We've mentioned before the riding habits favored by fashionable 18th c. ladies, and the extravagant hats that accompanied them. But we recently came across this indignantly stuffy letter by a gentleman (at least I'm guessing it's a gentleman, hiding behind the nom de crankiness of Senex) writing in a ladies' magazine, who doesn't like the stylish military-inspired cut of these habits at all, especially not in church:
"With your permission, I will just hint at an impropriety which has lately been very visible amongst us, I mean the custom of the ladies wearing hats in church – I mean those riding-hats, with large bands of gold and tassels, which are part of the riding-habit. These appear to me to be very irreverent in a place of divine worship; for although long custom has established that the ladies' heads shall be covered with bonnets or hats in church as well as elsewhere, yet I do not conceive that this privilege extends to the wearing of riding-hats, which are part of the riding-habit....I am of the opinion...that we ought to keep fashion as much as possible out of the church; there are so many other places, indeed, such as the opera, the theatres, balls, concerts, ridottos, routs, drums, and hurricanes, where we may be as fashionable, and as properly fashionable as we please, that I would be for reserving a plain simplicity and a decency in garb for our places of religious worship.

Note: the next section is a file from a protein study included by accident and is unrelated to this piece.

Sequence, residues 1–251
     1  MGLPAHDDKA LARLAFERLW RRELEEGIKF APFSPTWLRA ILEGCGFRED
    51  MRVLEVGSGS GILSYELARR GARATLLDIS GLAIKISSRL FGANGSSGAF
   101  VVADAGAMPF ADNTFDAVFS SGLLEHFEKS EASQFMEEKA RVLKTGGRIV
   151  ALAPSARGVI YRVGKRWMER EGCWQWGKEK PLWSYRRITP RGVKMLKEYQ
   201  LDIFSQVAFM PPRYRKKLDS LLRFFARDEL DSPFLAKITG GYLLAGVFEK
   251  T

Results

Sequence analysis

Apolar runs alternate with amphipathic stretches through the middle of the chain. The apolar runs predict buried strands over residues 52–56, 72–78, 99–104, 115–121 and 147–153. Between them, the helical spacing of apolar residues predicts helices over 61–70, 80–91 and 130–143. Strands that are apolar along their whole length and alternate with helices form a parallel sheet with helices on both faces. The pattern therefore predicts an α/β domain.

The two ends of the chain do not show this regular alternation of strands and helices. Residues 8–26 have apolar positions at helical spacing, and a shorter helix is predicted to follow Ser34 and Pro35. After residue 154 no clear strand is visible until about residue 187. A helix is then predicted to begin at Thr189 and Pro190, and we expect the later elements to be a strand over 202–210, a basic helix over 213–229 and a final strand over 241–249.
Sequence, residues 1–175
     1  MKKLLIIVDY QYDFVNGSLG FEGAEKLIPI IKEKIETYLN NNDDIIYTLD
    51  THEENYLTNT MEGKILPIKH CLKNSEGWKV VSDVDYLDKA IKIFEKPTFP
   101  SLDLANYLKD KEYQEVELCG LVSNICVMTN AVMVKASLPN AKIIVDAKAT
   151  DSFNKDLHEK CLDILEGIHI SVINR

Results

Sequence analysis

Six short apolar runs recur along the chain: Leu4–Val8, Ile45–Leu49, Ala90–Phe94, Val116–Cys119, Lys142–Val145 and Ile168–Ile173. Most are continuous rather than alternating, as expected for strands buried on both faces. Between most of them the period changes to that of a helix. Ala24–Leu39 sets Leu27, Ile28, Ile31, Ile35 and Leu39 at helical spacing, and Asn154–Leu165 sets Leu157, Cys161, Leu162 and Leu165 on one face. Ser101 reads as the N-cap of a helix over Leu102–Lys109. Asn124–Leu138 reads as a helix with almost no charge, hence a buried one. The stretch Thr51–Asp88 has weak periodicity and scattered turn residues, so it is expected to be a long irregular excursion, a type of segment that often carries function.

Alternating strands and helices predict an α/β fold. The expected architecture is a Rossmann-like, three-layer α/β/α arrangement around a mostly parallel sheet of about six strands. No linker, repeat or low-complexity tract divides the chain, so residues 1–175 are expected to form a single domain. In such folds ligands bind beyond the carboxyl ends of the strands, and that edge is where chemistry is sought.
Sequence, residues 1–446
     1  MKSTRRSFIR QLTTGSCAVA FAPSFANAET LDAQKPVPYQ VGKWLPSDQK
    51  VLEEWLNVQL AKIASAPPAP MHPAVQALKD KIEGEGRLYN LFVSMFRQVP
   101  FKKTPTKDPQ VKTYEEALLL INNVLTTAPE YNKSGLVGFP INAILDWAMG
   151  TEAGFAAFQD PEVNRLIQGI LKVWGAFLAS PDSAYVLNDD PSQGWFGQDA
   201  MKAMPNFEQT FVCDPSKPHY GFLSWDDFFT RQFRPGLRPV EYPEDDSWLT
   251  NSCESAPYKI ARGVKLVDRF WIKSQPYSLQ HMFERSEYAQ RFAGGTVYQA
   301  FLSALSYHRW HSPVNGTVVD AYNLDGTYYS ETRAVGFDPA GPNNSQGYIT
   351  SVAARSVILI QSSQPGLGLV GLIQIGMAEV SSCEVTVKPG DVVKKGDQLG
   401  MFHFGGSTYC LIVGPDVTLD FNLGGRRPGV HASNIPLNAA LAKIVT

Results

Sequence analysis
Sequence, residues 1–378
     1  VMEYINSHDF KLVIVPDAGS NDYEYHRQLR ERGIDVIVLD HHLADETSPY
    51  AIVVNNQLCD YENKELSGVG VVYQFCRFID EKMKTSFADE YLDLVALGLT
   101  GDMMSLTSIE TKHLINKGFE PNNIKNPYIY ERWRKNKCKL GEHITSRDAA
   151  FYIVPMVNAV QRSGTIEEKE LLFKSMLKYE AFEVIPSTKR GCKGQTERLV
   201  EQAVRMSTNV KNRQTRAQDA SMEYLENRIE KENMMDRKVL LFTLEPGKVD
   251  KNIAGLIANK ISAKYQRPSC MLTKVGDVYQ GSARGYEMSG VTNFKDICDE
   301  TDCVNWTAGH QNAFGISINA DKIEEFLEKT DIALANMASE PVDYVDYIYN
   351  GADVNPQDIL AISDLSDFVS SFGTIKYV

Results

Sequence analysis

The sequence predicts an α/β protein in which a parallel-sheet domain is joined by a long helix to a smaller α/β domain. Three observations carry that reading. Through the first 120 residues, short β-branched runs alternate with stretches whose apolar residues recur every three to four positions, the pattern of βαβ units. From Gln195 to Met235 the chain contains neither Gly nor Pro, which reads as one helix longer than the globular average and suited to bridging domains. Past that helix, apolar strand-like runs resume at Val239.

"Of the riding-habits lately become so common with those who never ride, I shall only observe, that however befitting it may be to ladies in the character of Diana, it is still a masculine garb, and in our eyes does not add those graces to the female appearance which have been by some supposed peculiar to it. When first introduced into this country it was worn only by ladies when intending to go on horseback, and has many conveniences for that exercise, to put it on, therefore, when one pays a visit, or goes to church, is such a deviation from the original design, that I hope the ladies will take the matter into serious consideration."
Letter by Senex, from The Lady's Magazine, or Entertaining Companion for the FAIR SEX Appropriated solely for their USE and AMUSEMENT, London, 1790. If you wish to read the entire letter and the magazine with it, it's here, thanks once again to Google books.
There’s a big difference in how we use history. But we’re equally nuts about it. To us, the everyday details of life in the past are things to talk about, ponder, make fun of -- much in the way normal people talk about their favorite reality show.
We talk about who’s wearing what and who’s sleeping with whom. We try to sort out rumor or myth from fact. We thought there must be at least three other people out there who think history’s fascinating and fun, too. This blog is for them.